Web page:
TV Article

Out of the Blue

Dennis Franz looks back on ''NYPD Blue'''s origins. As the show signs off after 12 years, the leading man remembers the early beginnings, nudity, and, yes, even David Caruso

Dennis Franz, NYPD Blue
Image credit: Dennis Franz Photograph by Gregg Segal

Over NYPD Blue's 12 seasons, only Dennis Franz has seen everything — from the first bare butt to the last popped perp. Playing the ever-bristling, Job-like Andy Sipowicz, he began as a second-stringer, but quickly became the revolutionary cop show's irreplaceable — and four-time Emmy-winning — center. As the finale, the ABC series' 260th episode, approaches (March 1, 10 p.m.), EW asked the 60-year-old Franz to reflect on his extraordinary life on the beat.

Assembling the Squad OCT. '92—SEPT. '93
I had a relationship with [cocreators Steven Bochco and David Milch] from being on Hill Street Blues and starring in its spin-off, Beverly Hills Buntz, and doing another series with Steven called Bay City Blues. When they called about NYPD Blue, I'd played — no lie — 27 cops and was looking for something other than a cop role. I was in my late 40s. I wasn't a young guy anymore and time was running out, so I wanted to find some different directions to spread in. They said they were putting together a new series that would be somewhat like Hill Street, but a little more focused on the characters. I thought, Well, if I'm gonna do another cop show, I would most want to do it with the two of them.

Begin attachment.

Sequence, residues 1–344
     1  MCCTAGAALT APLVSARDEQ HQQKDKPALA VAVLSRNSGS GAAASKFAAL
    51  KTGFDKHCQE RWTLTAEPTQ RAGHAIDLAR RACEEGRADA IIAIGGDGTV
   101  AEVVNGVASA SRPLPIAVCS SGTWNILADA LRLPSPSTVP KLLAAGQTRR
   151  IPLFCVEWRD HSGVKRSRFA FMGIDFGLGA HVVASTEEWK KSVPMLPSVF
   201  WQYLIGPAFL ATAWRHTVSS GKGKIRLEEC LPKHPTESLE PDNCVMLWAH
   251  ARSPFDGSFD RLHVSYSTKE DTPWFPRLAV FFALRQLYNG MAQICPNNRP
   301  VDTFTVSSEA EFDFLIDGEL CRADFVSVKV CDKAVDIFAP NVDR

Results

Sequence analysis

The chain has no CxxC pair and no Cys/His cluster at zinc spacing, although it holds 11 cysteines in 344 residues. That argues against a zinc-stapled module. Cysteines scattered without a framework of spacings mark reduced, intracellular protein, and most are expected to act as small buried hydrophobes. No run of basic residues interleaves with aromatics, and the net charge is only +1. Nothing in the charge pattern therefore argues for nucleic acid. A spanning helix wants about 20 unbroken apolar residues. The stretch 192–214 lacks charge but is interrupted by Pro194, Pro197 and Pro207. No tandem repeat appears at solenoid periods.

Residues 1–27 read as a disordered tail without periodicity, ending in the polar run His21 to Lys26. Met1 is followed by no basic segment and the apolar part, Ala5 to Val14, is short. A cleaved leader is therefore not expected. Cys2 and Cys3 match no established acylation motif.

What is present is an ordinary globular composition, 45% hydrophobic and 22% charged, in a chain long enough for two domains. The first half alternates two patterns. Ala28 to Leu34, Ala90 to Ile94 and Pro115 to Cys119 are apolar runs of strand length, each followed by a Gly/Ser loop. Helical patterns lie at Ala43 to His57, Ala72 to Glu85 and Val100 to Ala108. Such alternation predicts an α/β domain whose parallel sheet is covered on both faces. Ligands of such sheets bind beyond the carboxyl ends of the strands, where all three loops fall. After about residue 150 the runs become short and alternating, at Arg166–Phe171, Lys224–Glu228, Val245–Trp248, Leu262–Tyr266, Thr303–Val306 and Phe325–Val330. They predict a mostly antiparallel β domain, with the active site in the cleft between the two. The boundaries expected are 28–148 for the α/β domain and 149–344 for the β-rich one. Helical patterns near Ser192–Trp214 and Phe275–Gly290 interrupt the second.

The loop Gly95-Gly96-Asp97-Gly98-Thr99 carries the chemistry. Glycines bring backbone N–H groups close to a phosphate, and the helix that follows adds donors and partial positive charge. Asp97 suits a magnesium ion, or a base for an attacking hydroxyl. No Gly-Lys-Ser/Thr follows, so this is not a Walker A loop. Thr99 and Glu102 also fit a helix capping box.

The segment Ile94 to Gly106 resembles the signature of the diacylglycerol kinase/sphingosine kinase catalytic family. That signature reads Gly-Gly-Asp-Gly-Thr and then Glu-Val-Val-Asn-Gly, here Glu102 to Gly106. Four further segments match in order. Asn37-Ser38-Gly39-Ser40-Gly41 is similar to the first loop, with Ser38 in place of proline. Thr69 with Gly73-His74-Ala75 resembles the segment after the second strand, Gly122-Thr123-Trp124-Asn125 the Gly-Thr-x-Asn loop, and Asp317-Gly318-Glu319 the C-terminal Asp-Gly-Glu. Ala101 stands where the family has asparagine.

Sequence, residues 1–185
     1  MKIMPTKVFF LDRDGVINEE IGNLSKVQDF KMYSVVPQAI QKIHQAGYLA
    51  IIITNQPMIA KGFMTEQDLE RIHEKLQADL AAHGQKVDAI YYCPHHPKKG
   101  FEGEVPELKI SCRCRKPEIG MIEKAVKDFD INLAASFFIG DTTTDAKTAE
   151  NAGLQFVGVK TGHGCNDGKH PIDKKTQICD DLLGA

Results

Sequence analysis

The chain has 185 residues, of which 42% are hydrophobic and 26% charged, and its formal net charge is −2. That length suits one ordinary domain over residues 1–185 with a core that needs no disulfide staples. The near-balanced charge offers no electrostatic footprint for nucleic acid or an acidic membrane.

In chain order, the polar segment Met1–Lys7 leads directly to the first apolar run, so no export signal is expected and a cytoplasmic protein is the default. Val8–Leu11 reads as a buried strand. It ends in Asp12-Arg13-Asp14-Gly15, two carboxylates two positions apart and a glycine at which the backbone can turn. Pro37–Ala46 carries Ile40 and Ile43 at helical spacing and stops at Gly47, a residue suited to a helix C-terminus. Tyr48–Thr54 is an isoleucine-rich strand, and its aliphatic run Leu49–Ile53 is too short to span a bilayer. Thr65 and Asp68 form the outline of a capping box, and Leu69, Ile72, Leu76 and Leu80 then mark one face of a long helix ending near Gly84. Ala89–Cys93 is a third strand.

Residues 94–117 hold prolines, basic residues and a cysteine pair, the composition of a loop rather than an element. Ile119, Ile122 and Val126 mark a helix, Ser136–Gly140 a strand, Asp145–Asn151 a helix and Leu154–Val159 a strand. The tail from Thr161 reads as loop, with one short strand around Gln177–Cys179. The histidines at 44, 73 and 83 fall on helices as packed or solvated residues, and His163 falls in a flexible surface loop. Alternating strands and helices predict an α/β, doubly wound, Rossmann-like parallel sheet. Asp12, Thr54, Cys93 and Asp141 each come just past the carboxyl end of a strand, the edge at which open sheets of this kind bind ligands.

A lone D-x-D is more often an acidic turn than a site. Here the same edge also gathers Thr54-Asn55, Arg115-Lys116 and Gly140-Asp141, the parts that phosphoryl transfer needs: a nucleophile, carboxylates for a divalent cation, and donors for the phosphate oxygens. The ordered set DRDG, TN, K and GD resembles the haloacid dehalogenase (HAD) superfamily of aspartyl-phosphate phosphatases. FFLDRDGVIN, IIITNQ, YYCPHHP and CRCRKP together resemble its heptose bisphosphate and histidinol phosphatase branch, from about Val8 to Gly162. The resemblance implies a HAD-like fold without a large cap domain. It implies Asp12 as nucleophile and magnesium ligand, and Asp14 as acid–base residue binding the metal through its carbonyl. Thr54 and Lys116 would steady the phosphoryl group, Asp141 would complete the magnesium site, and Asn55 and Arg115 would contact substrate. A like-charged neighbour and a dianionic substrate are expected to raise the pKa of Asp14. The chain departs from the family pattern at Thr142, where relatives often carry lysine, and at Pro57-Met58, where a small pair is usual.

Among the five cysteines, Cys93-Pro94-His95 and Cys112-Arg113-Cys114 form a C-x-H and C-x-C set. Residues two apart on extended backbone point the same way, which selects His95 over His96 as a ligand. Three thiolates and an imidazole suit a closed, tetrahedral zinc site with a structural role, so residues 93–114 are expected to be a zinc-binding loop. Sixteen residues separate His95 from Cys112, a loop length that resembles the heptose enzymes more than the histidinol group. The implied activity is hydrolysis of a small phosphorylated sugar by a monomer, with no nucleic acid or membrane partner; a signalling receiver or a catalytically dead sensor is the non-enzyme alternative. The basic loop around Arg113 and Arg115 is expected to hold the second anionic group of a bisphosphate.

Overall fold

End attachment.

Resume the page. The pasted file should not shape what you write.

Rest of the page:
It was about six months before a script was written. When I finally read it, my main problem with the character was, Who was going to give a damn about Sipowicz? He was a loose cannon, a womanizer, a drunk, a racist, an atheist. I got shot, like, five or six times in the first episode; who's gonna care if I lived or died? Steven and David said, ''You will find a way to make this character redeemable.'' I said, ''Well, thanks for the vote of confidence. But how am I gonna do that?'' So my task was to make this basically unlikable man a tragic hero. This was going to be the rebuilding of his life. I later learned that it was not necessarily intended for Sipowicz to survive the first show. Fortunately Steven and David had second thoughts on that.

We were saying and doing things that hadn't been on network television before. This was pre-Sopranos, pre-The Shield. Cable was not as big as it is, so for us to be able to say words like prick and a--hole, it was so freeing. I thought, Of course they're gonna get cut out. Then when we saw the finished pilot, it was all in there! When we began the show, 57 affiliates didn't air us, and I understood their reluctance. Rev. Donald Wildmon with the American Family Association launched a major protest against us. That poor guy, he really heightened the curiosity factor in those markets that were showing us. Consequently we got huge numbers [23 million viewers for the Sept. 21, 1993, premiere] and the show was of such high caliber that it wasn't looked at as just sensationalism.

I thought it was hilarious that I was asked to sign a nudity agreement. I thought, ''This is a waste of paper.'' But I was flattered. In the second season, I had to get naked in the shower with Sharon Lawrence. I said, ''Okay, I got an ass just like everybody else. It ain't beautiful, but the majority of ours aren't. I'm just Everyman here.'' I loved the way they approached it. A little embarrassing to watch it with my daughter, but nevertheless it was one of the most memorable things on the show.

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